QUICK REVIEW: Loft
Superbly plotted and with a stellar cast, this is one of the best Belgian production in the 00s.
This is an excellent Belgian murder mystery, focusing on strong characterization and magnificent performances by all the main protagonists. Loft is essentially a one-room set movie, using a lot of flashbacks to enrich the narrative which recounts the strained relationships between five middle-aged upper-class men who share an apartment without their wives knowing. When a murdered young woman is found there, the five amigos will have to solve the mystery of what happened and who the culprit is. Inevitably, they soon begin to suspect one another and it is slowly revealed that each one of them holds more than one secret.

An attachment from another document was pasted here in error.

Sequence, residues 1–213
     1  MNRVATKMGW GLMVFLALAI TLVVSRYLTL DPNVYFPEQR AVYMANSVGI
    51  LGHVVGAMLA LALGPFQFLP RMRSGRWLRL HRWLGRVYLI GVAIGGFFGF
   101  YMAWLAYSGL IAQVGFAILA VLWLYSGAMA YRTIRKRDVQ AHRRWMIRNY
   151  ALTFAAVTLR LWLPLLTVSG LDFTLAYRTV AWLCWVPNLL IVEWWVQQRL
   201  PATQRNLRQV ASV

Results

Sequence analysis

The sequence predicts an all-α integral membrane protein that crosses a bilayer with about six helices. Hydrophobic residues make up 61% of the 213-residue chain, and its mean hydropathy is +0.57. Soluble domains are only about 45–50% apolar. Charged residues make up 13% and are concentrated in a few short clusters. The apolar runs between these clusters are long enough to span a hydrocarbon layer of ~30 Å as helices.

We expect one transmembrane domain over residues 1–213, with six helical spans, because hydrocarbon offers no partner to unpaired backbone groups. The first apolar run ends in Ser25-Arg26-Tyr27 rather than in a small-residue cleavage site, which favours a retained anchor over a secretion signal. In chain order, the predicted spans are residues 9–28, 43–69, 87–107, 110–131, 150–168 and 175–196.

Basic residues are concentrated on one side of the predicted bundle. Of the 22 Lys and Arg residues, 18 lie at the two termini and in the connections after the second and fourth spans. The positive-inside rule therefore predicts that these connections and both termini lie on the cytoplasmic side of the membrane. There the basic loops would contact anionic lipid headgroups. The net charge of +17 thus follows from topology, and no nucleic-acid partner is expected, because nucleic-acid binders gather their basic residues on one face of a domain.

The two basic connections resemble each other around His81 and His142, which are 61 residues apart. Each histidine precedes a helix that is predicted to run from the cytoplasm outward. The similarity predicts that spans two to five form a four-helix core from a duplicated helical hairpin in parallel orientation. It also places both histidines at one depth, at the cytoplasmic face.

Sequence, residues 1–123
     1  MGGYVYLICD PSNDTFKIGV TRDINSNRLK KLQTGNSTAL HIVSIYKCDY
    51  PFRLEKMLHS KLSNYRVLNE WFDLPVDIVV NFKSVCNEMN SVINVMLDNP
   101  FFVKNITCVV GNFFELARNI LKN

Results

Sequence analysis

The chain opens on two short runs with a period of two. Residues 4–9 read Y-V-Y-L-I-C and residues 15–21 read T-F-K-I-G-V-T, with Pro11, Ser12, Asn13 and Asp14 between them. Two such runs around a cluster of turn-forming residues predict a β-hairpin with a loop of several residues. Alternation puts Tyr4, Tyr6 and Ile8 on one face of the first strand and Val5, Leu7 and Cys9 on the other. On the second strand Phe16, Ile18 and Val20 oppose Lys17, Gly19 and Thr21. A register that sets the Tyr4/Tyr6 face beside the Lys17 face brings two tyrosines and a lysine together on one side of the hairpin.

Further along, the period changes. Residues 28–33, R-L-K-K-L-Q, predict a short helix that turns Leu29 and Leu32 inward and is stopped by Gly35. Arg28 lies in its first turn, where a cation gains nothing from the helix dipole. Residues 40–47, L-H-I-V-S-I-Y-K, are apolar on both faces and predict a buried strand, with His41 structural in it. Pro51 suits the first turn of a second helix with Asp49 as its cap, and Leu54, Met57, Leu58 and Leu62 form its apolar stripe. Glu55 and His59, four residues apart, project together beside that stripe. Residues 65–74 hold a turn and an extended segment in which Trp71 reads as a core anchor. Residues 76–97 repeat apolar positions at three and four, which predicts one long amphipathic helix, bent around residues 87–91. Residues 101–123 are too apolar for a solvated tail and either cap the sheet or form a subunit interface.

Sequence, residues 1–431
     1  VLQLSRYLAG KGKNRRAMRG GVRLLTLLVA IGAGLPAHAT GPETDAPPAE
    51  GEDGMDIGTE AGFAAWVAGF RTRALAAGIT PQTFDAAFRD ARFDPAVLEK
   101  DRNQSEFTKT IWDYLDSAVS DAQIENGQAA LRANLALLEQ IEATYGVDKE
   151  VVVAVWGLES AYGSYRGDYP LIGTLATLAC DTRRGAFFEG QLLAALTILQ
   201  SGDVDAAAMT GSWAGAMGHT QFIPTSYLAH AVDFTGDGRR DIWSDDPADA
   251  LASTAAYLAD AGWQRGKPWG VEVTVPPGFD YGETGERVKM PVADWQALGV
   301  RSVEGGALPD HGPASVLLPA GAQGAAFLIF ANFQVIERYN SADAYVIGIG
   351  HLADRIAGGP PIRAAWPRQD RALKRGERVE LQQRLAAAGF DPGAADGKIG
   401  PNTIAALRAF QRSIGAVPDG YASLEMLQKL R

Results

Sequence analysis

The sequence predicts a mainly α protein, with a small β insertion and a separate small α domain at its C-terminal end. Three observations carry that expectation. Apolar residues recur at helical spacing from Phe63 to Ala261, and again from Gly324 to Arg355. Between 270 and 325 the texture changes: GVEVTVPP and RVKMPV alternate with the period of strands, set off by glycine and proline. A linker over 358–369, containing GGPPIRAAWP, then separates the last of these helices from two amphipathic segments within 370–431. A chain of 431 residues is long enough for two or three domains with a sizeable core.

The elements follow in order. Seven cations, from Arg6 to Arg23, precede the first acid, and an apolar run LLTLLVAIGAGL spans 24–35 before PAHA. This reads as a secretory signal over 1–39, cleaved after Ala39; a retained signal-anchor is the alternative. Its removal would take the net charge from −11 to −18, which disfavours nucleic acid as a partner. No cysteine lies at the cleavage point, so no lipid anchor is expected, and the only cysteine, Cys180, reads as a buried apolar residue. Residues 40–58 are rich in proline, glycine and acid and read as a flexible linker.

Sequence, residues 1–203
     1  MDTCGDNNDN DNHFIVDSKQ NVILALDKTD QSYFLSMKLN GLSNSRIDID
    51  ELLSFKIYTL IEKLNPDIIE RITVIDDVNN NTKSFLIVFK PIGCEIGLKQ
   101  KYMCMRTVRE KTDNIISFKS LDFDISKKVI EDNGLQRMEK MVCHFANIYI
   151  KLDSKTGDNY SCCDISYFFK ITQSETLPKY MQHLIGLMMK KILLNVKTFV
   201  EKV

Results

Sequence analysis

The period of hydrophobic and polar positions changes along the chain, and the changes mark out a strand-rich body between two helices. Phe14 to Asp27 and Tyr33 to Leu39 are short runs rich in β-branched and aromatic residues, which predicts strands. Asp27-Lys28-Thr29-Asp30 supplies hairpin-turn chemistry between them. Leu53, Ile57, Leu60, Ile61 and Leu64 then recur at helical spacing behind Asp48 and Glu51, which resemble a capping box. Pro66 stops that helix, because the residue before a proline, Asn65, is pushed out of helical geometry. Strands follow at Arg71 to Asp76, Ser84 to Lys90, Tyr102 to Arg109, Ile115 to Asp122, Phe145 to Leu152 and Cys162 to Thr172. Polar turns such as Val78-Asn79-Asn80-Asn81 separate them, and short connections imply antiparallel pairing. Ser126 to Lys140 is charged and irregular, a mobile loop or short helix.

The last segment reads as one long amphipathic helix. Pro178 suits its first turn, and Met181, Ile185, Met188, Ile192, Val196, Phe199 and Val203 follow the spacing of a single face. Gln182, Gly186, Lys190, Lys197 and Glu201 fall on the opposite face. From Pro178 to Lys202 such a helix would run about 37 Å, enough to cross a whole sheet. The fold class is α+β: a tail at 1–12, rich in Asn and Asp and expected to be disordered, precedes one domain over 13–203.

This is a movie full of plot twists from the beginning until the end and it never makes the audience feel bored or indifferent to the story's mystery. The final twist is ingenious and turns the tables, concluding the film on a triumphant note. The cast lists the best present-day Belgian thespians like Koen De Bouw, Matthias Schoenaerts, and Veerle Baetens, but all actors either in leading or supporting roles give their best in this film directed by Erik Van Looy. Van Looy was the man behind the camera in other successful Belgian crime film exports such as Dossier K. and The Memory of a Killer, while he is also artistically responsible for the American remake of Loft, shot in 2014 and starring Karl Urban, Wentworth Miller, and James Marsden. This remake is an identical copy of the original though lacking the spark that made the Belgian production irresistible. I strongly recommend to watch the 2008 version first and skip the American remake which certainly stands at a lower level when compared to its precursor.
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